Star Wars merchandising is infamous for making a toy out of almost everything in the movies and beyond. That fervor is something we’ll be seeing again next month, when new toys for The Force Awakens come out. But not every Star Wars toy planned has actually been released! Here are nine that never saw the light of day.
I’m just going to start off with perhaps the most famous unreleased Star Wars action figure ever—in fact, probably the most famous Star Wars figure ever, full stop. Shortly after making his animated debut in the infamous Star Wars Holiday Special, Kenner planned to tease their upcoming line of figures based on The Empire Strikes back with a new mail-away offer: fans could purchase four figures and send proof to the company to get a Boba Fett action figure that could launch a plastic rocket out of his jetpack.
But shortly after the promotion began, a rash of health-and-safety issues with projectiles in toys swept across the U.S., as kids accidentally shot plastic toys into their mouths and eyes, as kids are wont to do. Fearing a scandal over the Boba Fett Figure could damage the Star Wars brand, Kenner hastily reworked their “Rocket Firing” Fett and glued the plastic projectile in place. Early figures sent out were packaged with an apology that the firing feature wasn’t included, and while the company long maintained a single firing Fett never made it into the wild, several have since appeared for auction and in collections as highly valuable items.
Speaking of the Holiday Special, Kenner planned on running a short line of figures based on the new additions to the Star Wars cast from the show to capitalize on the Star Wars boom. When the special turned out to be an unmitigated disaster despised by Lucas, its cast, and audiences alike, the plan was quickly nixed. All that remains of the planned line are prototypes for a set of figures based on Chewbacca’s family that appeared in the special, featuring Chewie, his wife Malla, his terribly named father Itchy, and Chewbacca’s even more terribly named son Lumpy.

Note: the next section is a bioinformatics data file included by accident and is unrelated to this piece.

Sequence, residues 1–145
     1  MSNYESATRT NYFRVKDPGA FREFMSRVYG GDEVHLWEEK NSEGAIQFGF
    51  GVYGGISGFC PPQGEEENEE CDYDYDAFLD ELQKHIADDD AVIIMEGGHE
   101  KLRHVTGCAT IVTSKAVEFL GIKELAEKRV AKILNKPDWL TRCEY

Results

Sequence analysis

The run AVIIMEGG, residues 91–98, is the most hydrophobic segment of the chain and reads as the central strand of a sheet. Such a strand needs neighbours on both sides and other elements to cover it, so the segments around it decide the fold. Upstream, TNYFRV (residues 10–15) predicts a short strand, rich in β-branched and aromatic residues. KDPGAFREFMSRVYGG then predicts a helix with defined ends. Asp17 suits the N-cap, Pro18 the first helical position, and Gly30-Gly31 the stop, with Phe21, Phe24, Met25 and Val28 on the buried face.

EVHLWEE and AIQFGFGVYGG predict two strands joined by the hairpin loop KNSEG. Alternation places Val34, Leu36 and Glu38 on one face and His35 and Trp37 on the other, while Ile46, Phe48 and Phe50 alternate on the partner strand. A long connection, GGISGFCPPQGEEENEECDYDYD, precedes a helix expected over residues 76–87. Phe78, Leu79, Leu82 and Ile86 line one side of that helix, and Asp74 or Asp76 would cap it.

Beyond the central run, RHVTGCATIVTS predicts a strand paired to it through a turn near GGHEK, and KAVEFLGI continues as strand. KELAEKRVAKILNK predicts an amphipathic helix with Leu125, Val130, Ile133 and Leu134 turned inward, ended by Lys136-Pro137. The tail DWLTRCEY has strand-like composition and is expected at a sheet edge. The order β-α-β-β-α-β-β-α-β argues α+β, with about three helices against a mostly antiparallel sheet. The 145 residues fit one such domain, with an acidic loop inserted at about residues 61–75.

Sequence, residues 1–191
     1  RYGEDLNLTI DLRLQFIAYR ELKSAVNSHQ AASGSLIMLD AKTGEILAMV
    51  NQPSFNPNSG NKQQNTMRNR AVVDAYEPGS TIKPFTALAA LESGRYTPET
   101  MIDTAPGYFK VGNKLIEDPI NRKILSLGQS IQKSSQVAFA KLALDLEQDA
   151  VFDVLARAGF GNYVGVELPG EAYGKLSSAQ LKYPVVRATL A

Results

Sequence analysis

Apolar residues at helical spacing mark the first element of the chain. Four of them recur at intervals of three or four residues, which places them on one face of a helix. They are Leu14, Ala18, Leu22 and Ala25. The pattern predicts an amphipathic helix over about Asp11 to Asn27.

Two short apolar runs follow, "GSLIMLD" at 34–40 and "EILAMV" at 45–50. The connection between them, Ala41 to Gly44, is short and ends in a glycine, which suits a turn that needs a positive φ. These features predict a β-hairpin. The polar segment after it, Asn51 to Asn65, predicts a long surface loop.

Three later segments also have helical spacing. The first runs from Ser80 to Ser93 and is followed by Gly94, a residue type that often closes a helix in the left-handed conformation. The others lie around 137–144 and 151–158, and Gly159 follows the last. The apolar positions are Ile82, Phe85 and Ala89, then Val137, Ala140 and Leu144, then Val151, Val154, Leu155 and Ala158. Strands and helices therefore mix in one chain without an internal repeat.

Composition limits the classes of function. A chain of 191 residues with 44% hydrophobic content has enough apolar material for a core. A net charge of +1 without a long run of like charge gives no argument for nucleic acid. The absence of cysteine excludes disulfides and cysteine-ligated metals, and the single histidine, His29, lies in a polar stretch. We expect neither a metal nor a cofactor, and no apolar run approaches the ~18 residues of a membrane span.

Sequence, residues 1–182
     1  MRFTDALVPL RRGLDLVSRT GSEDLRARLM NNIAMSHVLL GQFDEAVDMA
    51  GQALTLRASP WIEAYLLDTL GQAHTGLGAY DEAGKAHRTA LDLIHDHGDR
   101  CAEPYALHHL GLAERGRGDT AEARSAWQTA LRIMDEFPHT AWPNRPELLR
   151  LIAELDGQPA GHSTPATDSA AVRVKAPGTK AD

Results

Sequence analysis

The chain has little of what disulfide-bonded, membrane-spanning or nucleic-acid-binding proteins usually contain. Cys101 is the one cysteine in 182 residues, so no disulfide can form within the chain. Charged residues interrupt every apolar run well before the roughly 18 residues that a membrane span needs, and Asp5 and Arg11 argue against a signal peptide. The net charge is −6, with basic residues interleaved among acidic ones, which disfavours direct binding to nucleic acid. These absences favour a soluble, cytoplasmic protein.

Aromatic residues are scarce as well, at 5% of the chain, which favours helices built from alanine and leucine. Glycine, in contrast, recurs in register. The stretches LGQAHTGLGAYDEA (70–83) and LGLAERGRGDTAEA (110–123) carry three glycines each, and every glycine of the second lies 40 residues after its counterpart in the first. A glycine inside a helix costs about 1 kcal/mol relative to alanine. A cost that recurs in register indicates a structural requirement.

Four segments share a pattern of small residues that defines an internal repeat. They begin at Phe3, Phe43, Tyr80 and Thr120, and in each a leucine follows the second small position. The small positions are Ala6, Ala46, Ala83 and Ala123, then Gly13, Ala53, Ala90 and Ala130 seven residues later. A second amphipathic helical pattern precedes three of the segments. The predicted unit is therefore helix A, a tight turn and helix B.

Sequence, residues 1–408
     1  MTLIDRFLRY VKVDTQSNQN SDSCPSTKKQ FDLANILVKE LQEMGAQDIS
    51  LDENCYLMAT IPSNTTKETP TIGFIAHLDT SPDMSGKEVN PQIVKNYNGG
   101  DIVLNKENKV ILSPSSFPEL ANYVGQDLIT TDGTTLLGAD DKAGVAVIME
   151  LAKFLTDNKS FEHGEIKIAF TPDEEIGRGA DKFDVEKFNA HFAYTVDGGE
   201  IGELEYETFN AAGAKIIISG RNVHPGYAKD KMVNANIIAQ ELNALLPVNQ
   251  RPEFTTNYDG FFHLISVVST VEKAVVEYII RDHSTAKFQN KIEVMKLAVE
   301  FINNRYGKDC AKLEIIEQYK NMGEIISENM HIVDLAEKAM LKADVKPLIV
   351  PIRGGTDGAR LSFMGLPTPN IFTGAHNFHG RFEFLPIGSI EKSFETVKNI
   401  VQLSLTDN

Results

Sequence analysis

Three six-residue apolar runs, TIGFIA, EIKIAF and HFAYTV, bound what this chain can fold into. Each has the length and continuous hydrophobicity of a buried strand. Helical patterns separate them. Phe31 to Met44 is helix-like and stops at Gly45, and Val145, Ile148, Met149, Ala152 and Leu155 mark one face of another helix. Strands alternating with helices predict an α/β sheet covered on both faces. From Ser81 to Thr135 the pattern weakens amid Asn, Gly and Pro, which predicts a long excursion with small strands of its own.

Years before the ‘90s brought about the Star Wars Micro Machines line (a line set to return for The Force Awakens), Kenner had its own series of miniature playlists in the Micro Collection. The series was created as a way to produce large-scale playsets for a smaller cost—rising plastic prices over the ‘70s and ‘80s saw toy companies scaling down from the then-traditional 8-inch and 12-inch scales, part of which saw the rise of the 3.75-inch figure spearheaded by Kenner with Star Wars.
Although several playsets were released in the Micro Collection, the line was cut short due to underwhelming sales (and a fear that said sales would eat into the money being made by the 3.75” figures). Unmade sets included an Hoth Bacta Tank, an extension to the released Death Star to add the Throne Room from Return of the Jedi, and Yoda’s hut on Dagobah, which all made it to concept and prototype stages before being cancelled.
Star Wars is infamous for making action figures out of even the most minor characters—even background characters seen for mere seconds in the films. One of which is Yarna d’al’ Gargan, a.k.a. Jabba’s six-breasted-dancer in Return of the Jedi.
The “six-breasted” bit is likely why Kenner ended up canceling a planned Gargan figure in their Jedi range: higher ups thought that such a buxom alien was a bit much for the young audience, and she was ultimately scrapped. Happily, Yarna got her day decades later with an entry in Hasbro’s “Legacy Collection” (seen above-right), singlehandedly proving that Star Wars figures are less for kids and more for collectors these days.
Like the Micro Collection, these small-scale single manned vehicles were designed to combat higher plastic costs, as well as produce vehicles that children could buy instead of the pricey sets based on Star Wars’ familiar, larger-sized ships—like X-Wings, TIE Fighters and so on. Kenner designed the vehicles in the mini-rig line themselves, as they had no basis in the movies, and dubbed them as vehicles that were “seen just off-screen”, making them some of the first “expanded universe” Star Wars items years before the official EU began.